I don't now what shipping 20 huge 430ish Ah batteries will cost, but if/when the Genious is sold in the US I presume it will be by a local distributor, not shipped 1-by-1 to end users cross the Atlantic. So what you state as a fact is most probably nothing of the sort.
My batteries are completely recyclable and can be replaced in a day.
Well, if you try to use 8 of them to receive 5kW, 1 day is all they will last as well...
Explain how 3000 watts at 12 V DC is going produce a greater carbon footprint than 3000 watts at 300V DC. I'd really like to see how that works.
Extracting copper from earth as well as shipping it across the world is a very carbon footprint heavy business. Thus using 12V technology, requiring 20-30x more copper than 300V technology, is completely insane from a carbon footprint point of view.
What utter tripe, and completely anecdotal. Automotive alternators suffer regular failures, and these aren't limited to coil breakdowns. Rotors fail, brushes burn up, diodes fail, bearing let go and even cases can break. Around here we have these shops that specialize in automotive alternator repair. I wonder how they stay in business with these "never fail" units in operation.
Of the literally hundred of millions being used every day, for sure there will be many that fail. It's not the same thing as the technology being inherently immature and especially prone of breaking. And until we get to see the specsheet containing the stated median time to failure for the specific part, anything you or I say is anecdotal.
They are not claiming it will run forever, but they do claim 20k hours maintainance intervals. Its pretty darn high, but it doesn't break your logic of that everything eventually fails.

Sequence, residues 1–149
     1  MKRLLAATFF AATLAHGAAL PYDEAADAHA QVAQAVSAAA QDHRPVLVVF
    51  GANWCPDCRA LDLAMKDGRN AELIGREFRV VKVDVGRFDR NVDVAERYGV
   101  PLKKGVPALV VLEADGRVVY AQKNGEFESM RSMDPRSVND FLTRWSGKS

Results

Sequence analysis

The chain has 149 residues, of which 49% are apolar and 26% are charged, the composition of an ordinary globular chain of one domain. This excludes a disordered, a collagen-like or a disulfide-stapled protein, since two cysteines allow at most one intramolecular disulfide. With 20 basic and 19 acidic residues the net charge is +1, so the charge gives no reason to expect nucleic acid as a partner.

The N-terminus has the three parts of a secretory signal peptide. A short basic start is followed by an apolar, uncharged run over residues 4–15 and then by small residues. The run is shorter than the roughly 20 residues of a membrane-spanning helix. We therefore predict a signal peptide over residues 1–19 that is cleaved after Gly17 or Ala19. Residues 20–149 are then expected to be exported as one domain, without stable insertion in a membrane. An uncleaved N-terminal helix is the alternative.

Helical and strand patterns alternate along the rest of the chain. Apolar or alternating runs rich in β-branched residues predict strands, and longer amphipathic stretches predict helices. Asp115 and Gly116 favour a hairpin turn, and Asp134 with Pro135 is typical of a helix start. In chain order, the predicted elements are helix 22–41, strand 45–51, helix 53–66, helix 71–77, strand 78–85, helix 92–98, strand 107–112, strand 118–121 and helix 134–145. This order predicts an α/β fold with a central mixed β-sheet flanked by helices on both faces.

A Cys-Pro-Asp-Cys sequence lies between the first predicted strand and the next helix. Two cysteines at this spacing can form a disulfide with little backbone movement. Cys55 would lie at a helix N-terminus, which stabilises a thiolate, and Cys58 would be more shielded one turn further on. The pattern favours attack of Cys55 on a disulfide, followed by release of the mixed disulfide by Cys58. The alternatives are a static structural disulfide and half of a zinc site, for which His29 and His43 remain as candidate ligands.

The CLAIM is the issue. You have already stated that it needs 5-10 years of testing for off grid application. How the hell can 20K hours be claimed without condition specific testing? Short answer, it can't and it hasn't. It's an empty assertion.
The claim is based on actual testing of a development version of the same engine that HAS run 12 years maintenance free. I have already pointed this out earlier. This however does not automatically guarantee that it will behave as good for as long in every other location on the world. Nor does it guarantee that every single machine will have 0 incidents for 12 years. So yes, for sure there needs to be large long time field test in many different external conditions, before such a claim can truly be stated "under all conditions", but the claim itself is also by far not just an empty assertion. For the "residential home in Sweden"-situation the claim is essentially already verified.
Yep, and if the grid is available it's cheaper, and more efficient, to use it to charge the batteries in such a car.